36 Comments for “The Go Doc Project (2013)”

  1. This is the most irresponsible kind of “review” as it does nothing but offer judgmental proclamations based on gross misinterpretations that have more to do with what the author thinks the film “should” have been, within his own forcibly framed point of view, than what it really is.

    Nearly every single judgmental sentence is full of assumptions that are either ridiculously inaccurate or have nothing to do with the characters or story I was telling. I’m so sick of “reviewers” adding their own baggage to reviews.

    You should have made your own movie to make all the “statements” you’ve made here instead of feeding off mine like a parasite.

    And how dare you refer to the results of my work as “sexist” and “homophobic” and assume you know anything about me as a person or my relationship to queer identity after spouting so many inept suppositions about my film.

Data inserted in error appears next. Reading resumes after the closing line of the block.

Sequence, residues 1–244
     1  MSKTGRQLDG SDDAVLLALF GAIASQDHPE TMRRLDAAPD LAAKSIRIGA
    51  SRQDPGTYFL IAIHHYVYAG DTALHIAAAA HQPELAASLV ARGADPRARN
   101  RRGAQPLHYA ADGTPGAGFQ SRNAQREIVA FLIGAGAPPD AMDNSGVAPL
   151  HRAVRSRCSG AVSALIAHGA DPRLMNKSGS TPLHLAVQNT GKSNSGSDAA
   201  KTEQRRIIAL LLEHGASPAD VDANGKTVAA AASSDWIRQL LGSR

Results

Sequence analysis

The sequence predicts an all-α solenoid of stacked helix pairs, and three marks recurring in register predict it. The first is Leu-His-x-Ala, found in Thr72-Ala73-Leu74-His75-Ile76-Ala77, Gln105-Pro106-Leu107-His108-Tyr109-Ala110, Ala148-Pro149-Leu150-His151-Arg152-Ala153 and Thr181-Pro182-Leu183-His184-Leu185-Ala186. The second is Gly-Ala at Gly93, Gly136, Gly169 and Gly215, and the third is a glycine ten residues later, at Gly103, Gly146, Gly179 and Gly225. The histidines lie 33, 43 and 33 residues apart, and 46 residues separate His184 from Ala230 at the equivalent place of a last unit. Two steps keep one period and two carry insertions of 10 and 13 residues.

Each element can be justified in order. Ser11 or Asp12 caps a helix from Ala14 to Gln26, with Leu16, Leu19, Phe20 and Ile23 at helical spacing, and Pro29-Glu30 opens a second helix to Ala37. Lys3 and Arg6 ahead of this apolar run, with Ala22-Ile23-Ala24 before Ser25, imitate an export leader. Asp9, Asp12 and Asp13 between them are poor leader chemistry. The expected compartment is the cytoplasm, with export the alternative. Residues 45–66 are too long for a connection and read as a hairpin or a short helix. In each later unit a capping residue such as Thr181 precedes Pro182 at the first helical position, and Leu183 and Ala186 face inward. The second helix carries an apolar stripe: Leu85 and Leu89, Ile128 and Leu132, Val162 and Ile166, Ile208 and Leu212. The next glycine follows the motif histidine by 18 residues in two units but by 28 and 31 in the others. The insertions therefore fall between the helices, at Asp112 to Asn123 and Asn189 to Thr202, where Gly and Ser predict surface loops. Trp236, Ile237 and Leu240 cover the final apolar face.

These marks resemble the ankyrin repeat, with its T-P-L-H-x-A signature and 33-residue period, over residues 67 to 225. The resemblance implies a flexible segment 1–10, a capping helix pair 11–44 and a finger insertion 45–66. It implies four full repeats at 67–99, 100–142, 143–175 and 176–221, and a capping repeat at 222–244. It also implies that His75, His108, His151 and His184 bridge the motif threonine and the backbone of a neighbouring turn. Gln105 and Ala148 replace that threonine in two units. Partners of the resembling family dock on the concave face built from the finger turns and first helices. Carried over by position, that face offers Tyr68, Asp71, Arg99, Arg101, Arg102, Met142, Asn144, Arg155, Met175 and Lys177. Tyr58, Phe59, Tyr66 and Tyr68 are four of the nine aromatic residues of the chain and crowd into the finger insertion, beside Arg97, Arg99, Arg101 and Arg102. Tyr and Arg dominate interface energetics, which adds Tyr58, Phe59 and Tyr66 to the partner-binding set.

You’re clearly more interested in your promoting own ideas than experiencing the ideas of others, which is what a good reviewer does.

  2. I’m glad you said it, CJK…as I read this “review,” I kept wondering if this guy had watched the same movie I had.

  3. Sometimes journeys are fruitless, but this one was well worth the dredge. I like insightful and cerebral functions of thought; thought that delves into our true selves and surfaces self-discovery thru adventure and fears put aside. I think this is a remarkable picture which portrays the side of man reaching out for self illumination, rather than turning within. Introspection is valuable, but I like passion of peering outside self. What a genuine portrayal of need and angst within us all, such transparency mixed with opaque instincts. I truly enjoyed watching the traditional struggle for love we all share, but on such a unique platform. thank you